The surprise lack of internet access made planning the next day somewhat more complicated, but we managed to get through to a travel agent via the Iridium, and secured a car reservation. So we got up early-ish and motored the boats around the island to Halalo, where we anchored in forty-five feet of water in an odd-shaped reef basin alongside three other boats (including the aforementioned Leni).

We carpooled into shore, taking some time to get Acushnet’s dinghy anchored appropriately for the swinging tides on the muddy, sloping landing.

We lost half an hour trying to find the driver who was supposed to meet us; without internet access easy things are hard. Jazz ended up wandering into a gated port installation and getting some communication help from the confused guards.

But we found the driver in the end, and he bombed us across the island to the office. And thus begun our saga of being helped to death, as the travel agent came to meet us at the rental agency and “helped” translate our plans in a way that just added confusion. Then he wanted to talk to us about the island, so we (thinking this was about a finders fee) followed him back to his agency, where we got a thirty-minute rehash of the island’s tourist map. Meanwhile Jazz is looking at the time and fuming, as we’re rapidly approaching the noon police station closing hour, and one of the rental car tasks for the day was to finish our check-out with immigration. (Customs had kindly allowed us to check in and out at the same time.)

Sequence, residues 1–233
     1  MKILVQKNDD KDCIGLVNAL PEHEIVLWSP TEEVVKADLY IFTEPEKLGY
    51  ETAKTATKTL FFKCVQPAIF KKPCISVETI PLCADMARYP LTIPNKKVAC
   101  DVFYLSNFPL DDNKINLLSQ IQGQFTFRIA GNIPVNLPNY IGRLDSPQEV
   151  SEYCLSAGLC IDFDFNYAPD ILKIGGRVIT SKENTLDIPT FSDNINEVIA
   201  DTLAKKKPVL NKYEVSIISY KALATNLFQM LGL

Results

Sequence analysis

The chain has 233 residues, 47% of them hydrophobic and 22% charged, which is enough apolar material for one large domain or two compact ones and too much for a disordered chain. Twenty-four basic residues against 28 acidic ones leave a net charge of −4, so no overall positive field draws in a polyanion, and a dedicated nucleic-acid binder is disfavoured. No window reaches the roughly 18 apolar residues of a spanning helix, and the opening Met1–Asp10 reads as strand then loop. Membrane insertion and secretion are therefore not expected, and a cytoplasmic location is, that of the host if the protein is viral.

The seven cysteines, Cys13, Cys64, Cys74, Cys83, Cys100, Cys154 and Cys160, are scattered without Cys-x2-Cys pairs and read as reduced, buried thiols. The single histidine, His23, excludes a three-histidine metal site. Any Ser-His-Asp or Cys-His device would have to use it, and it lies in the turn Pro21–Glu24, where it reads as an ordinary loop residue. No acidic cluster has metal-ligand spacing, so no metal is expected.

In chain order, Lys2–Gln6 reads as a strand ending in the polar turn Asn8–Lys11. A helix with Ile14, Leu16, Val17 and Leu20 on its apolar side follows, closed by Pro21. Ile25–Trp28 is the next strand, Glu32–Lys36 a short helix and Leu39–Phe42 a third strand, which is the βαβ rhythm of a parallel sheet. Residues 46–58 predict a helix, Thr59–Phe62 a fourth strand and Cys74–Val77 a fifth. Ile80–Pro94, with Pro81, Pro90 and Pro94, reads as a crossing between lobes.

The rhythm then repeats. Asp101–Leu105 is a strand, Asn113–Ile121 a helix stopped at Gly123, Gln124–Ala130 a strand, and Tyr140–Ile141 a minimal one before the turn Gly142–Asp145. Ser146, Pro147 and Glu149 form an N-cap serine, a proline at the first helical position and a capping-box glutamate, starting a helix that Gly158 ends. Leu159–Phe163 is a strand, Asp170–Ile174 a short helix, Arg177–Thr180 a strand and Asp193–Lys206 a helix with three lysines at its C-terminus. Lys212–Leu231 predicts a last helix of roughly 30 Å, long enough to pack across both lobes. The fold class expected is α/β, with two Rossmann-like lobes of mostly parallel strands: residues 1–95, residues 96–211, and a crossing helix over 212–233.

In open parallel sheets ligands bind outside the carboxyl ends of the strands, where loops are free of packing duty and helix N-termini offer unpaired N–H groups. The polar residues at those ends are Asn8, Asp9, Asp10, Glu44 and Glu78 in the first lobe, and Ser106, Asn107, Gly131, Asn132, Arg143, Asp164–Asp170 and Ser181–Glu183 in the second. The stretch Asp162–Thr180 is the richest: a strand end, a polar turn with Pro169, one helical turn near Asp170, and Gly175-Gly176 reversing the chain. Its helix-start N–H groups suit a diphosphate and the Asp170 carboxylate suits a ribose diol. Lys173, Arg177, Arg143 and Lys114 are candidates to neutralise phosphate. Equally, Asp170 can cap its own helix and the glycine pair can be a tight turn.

So we got released from tour-guide purgatory and drove to what we thought was the gendarmerie, but turned out to be the Marie, the generic government buildings. We were redirected to the gendarmerie station, where they were initially confused about what we wanted, but eventually told us that we actually needed the police, not the gendarmerie. So we asked where that office was, but they really wanted to help us, so they said “wait here” and left. They came back and said someone would drive and lead us to the police, and then they left again (time now: 11:40). There was lots of conferring, and several phone calls were made, and then we were told to meet the agent at the post office in an hour. Not ideal, but fine; whatever. Everything was closing in 20 minutes so hopefully this person would actually show at the post office to bring us to a private checkout. We went to “the best restaurant” for a mediocre lunch, and in Jazz’s case, to take the edge off with a glass or two of wine.

One hour later the gents of the group were waiting at the post office while the ladies finished lunching. Lucky for everyone involved, a guy showed up at the post office only 15 minutes late, and Andrew and Ross followed him to a building literally next door to the restaurant. They completed the paperwork, and he stamped the passports, and we were all re-united at the restaurant and ready to start the day of tourism. Ready, except the car, who had trepidations: “WARNING, / I am FRAGILE / I fear the HOLES”